The small, pale yellow flowers of Crosswort can be seen in grassy woodland rides, hedgerows and roadside verges between April and June. They appear up the length of the stem along with the distinctive whorls of four leaves that give this plant its name. It prefers chalky or neutral soils and spreads using rhizomes (stems).
How to identify
Crosswort is distinctive in that it displays tiny, yellow flowers that surround four-leaved whorls around the stem. The other yellow-flowered member of the bedstraw family, Lady's Bedstraw, has clusters of flowers at the ends of its stems giving it a more 'frothy' appearance.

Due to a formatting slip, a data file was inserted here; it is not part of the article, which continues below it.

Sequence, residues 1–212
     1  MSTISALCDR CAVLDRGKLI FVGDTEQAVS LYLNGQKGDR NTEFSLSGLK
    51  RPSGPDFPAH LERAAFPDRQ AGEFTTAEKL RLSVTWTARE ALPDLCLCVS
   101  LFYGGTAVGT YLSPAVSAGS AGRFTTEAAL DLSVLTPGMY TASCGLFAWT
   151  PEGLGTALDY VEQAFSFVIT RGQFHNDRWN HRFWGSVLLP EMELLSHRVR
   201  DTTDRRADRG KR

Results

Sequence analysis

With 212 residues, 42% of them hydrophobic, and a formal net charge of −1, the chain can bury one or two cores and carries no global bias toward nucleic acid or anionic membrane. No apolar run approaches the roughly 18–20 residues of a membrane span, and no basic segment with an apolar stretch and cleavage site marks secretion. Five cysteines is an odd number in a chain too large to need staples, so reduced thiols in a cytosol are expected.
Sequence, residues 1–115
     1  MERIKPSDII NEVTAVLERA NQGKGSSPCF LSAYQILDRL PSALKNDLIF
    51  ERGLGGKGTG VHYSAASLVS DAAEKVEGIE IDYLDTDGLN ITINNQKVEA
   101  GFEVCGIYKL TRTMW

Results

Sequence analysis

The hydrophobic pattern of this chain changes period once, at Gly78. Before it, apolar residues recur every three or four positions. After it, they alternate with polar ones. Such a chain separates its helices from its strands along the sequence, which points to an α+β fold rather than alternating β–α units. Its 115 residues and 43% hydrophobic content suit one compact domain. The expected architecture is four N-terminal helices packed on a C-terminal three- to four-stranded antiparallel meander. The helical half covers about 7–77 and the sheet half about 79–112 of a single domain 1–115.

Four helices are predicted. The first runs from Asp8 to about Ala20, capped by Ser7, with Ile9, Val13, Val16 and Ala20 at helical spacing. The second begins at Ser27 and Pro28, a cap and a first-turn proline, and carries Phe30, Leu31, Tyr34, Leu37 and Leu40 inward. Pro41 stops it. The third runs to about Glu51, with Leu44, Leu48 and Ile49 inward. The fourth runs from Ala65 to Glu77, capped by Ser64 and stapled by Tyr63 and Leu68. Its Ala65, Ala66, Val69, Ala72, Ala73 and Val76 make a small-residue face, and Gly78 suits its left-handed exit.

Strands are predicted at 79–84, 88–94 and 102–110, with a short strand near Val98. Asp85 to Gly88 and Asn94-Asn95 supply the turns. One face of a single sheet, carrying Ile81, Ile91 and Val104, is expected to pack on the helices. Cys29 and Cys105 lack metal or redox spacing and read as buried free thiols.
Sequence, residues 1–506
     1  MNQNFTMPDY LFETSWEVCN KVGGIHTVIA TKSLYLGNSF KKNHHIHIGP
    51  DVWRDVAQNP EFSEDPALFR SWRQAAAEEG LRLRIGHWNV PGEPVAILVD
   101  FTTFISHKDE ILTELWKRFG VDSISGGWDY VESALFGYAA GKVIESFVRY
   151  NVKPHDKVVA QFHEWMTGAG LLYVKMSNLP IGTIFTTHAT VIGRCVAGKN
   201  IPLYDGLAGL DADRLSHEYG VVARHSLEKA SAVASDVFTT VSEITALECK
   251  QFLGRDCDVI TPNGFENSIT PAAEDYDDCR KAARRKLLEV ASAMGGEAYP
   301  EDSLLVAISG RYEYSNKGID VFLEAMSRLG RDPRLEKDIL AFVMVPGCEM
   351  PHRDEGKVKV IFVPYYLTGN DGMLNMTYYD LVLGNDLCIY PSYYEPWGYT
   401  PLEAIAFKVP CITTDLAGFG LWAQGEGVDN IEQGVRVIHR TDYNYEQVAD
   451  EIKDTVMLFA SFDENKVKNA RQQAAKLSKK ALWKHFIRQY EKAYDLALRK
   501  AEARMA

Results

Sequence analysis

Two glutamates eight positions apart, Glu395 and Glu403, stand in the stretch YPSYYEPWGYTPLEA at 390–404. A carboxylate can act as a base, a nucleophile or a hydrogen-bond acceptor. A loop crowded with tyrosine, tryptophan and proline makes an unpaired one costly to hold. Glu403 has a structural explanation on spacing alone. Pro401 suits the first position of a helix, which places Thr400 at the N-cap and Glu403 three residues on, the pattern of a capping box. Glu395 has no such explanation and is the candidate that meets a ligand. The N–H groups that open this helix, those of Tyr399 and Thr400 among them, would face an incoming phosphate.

Where to find it
Common in mainland UK, particularly in the north and east of England.
When to find it
How can people help
The Wildlife Trusts manage many grassland habitats for the benefit of all kinds of wildlife. Careful grazing with traditional breeds, hay-cutting at the right time and scrub clearance are just some of the ways these fragile habitats are kept in good condition - supporting wildflowers and, in turn, invertebrates and the larger animals that prey on them. By volunteering for your local Trust you can help too, and you'll make new friends and learn new skills along the way.